It led them to Columbia, where they searched the home of another Nigerian national suspected of credit card fraud. They also searched a storage bin he rented in Oxon Hill. Inside locker G4F was a second cache of documents -- stolen checks, credit cards and numerous names and account numbers.
The records revealed the name of a key indicted conspirator -- Christopher Omotunde, 30, a Nigerian national who arrived in the United States in 1991 and settled in Upper Marlboro in Prince George's County.
Agents learned that Omotunde, one of the defendants scheduled to go on trial today, paid for the funeral of the slain ring member, Ikudayisi. He also went to the funeral, warning those who attended that anyone who cooperated with police would wind up like Ikudayisi, according to court records.
Prosecutors say that Omotunde was a central figure in the ring. His lawyer, C. Michael Walls, was on vacation last week and unavailable for comment.
Investigators got another break when they found Nigerian national Christopher Polycarp Tizhe, 36. He was charged in 1995 with entering the United States illegally. He pleaded guilty and agreed to cooperate with agents investigating Nigerian fraud cases. Among them: the case against Omotunde.
While he was cooperating, Tizhe became the target of a Drug Enforcement Administration probe into heroin trafficking in New York. Agents placed a tap on Tizhe's Washington phone. It produced a bonanza for both the DEA and fraud investigators. Tizhe is now charged as a member of the fraud conspiracy and with helping to launder narcotics money, and he faces heroin charges in New York.
Agents spent months reviewing the records they seized, piecing together a complicated puzzle of fraud and deceit. Targets of the probe had assumed the identities of other people, taking out loans, applying for credit cards, renting homes, all in the names of unsuspecting victims.
Agents learned that one of the alleged kingpins of the operation was Nigerian national Adeniyi Momodu Allison. He was named in the 21-count indictment in Baltimore, charged with laundering proceeds from the ring and orchestrating where the cash should be sent.
For months, Allison was a fugitive. Constables in England were alerted that there was an international warrant out for his arrest. They found him at a car rental agency, where they were called to sort out a dispute he got into over a car.
Allison was promptly arrested. He is awaiting an extradition hearing in London.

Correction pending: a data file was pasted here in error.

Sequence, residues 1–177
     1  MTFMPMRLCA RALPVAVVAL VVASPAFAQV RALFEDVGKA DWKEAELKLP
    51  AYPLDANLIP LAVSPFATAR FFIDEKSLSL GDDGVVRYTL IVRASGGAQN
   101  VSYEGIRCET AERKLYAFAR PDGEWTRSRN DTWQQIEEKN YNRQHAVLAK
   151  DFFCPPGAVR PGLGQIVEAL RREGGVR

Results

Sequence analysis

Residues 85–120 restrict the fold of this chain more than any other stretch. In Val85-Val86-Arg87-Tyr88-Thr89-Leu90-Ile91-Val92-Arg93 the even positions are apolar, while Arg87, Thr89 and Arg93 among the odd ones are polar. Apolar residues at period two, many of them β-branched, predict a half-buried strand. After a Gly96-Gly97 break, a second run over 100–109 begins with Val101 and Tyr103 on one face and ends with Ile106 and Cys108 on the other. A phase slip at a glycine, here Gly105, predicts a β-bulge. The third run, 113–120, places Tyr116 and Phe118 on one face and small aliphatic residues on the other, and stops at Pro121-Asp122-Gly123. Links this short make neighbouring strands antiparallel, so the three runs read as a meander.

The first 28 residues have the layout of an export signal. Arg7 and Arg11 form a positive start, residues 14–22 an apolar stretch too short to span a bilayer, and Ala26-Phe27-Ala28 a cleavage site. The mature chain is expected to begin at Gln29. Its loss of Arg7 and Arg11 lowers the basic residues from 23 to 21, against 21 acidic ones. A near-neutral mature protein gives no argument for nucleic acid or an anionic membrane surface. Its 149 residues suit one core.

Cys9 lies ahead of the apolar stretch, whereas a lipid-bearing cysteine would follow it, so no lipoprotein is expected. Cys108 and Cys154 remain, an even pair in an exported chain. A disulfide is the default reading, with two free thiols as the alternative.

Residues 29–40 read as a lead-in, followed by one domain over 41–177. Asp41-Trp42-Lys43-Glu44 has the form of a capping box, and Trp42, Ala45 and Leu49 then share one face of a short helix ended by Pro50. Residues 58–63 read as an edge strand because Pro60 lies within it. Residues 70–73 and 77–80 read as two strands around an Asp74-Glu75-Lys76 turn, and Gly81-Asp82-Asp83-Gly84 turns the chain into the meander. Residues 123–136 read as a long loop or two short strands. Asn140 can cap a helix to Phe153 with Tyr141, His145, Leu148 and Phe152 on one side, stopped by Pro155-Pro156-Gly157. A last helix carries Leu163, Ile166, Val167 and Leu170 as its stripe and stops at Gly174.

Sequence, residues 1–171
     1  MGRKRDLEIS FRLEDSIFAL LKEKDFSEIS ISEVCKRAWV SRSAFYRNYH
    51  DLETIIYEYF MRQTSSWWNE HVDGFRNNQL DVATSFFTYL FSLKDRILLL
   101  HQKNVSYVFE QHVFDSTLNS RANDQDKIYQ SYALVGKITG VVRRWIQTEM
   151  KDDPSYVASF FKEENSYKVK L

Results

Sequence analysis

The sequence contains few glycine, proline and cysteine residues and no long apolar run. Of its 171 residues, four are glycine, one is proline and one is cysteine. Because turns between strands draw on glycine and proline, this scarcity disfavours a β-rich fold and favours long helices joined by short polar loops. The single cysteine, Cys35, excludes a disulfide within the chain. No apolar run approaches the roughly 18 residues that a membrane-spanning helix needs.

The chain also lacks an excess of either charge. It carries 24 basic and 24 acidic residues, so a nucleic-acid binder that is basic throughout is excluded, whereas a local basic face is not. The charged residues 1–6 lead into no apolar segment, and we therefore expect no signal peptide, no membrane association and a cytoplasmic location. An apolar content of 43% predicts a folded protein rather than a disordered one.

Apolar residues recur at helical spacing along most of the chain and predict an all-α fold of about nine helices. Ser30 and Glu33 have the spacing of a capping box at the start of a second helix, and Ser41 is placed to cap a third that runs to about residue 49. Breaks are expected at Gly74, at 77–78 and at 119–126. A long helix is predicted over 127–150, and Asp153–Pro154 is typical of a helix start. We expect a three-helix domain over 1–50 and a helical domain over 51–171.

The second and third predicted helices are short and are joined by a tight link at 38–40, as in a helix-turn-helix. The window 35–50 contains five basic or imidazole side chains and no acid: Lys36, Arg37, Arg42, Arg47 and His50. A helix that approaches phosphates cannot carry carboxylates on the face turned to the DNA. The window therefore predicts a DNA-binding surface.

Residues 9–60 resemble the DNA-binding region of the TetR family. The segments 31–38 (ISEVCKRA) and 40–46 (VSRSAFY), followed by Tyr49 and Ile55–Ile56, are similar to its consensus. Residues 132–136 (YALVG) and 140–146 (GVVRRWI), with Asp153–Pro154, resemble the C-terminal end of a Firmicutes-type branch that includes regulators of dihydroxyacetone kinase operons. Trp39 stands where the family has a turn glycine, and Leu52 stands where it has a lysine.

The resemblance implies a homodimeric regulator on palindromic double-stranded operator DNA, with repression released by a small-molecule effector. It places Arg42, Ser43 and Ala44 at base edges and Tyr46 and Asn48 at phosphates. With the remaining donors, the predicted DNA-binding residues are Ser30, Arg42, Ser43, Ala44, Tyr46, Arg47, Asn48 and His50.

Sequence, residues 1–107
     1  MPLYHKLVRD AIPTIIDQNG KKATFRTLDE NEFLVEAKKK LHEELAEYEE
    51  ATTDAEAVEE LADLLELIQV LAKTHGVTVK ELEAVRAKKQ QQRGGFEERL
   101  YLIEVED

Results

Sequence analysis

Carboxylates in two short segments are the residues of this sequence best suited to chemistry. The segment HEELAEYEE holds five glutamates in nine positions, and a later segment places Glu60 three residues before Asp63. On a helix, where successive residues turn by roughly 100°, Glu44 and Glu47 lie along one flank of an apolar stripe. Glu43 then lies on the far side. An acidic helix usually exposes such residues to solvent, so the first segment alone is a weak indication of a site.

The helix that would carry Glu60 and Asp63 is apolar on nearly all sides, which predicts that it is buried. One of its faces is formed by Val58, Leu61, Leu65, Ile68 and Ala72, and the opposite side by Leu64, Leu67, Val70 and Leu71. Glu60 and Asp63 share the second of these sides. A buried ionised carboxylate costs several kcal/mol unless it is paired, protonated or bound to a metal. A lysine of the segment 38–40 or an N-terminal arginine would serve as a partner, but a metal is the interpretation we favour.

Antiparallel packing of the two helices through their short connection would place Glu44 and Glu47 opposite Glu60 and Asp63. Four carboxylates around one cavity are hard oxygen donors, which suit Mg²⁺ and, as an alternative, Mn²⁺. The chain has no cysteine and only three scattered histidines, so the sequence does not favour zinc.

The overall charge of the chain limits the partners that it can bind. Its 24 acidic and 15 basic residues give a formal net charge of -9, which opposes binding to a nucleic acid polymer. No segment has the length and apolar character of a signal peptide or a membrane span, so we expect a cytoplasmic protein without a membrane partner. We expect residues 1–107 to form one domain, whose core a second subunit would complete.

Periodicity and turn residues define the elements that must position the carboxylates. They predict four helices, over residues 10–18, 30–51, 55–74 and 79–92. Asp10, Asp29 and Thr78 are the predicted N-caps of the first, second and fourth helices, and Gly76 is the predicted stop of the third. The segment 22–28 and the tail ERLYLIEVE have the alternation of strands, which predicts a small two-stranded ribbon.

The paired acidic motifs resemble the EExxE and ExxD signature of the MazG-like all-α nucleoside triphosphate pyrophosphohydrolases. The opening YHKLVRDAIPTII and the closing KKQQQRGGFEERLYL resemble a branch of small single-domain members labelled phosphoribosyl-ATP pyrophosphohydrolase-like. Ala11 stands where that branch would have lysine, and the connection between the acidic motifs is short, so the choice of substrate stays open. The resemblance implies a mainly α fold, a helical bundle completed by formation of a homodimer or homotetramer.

For investigators, tracking Nigerian fraud and heroin rings has become a full-time job.
Last fall, the chief of the Secret Service's financial crimes division testified before Congress that Nigerian financial fraud has become a worldwide problem. And according to a State Department report last year, Nigerian drug traffickers were responsible for nearly 40 percent of all heroin entering the United States.
Nigeria, an oil-rich nation of 101 million people, is the largest U.S. trading partner in sub-Saharan Africa. It's also known for its culture of corruption. In June, a group of international business people voted Nigeria the most corrupt nation in the world.
Federal agents say the corruption has been spilling over into the United States, where the explosion of computers, credit cards, and automated-teller-machine cards is creating the perfect climate for fraud.
Investigators say the rings work in similar ways. Members often follow postal carriers and then rifle through mailboxes, looking for bank statements, bills, anything to recreate personal and financial histories.
Ring members also rely on help from well-placed criminals willing to sell information -- from loan applications, mortgage refinance statements and credit reports.
With the information, ring members contact banks and credit card companies, applying for new cards, checking accounts and lines of credit. They change the victim's address.
When the cards and checks arrive, the spending starts. Sprees can last for months before victims realize what's happening, because bills and collection notices are sent to the changed addresses.
Secret Service agents say they are constantly asked how consumers can protect themselves.
"It's a difficult question," said Thomas F. Grupski, the assistant agent in charge of the agency's Maryland office and a supervisor of the Baltimore fraud task force. "The best advice is, safeguard the documents you have, and never blurt out your personal information to people who don't need it."
Anyone can be a target.
McKendry, the Florida investment adviser, said he had no idea that members of the Maryland ring had applied for a Discover card and American Express card in his name and run up nearly $50,000 in charges.
McKendry said he didn't find out until a Discover card worker called him.
"She said, 'When are you going to pay your bill?' " McKendry recalled.
"I told her, 'I don't have a Discover card,' " he said. "I was ready to shoot someone."
To report suspected mail, credit card or check fraud, call:
U.S. Secret Service, Maryland field office, (410) 962-2200.
U.S. Postal Inspection Service hot line, (800) 654-8896.
Or contact one of the three national credit reporting agencies: Equifax, (800) 525-6285; Transunion, (800) 680-7289; or Experian, formerly called TRW, (800) 422-4879.
Pub Date: 1/06/97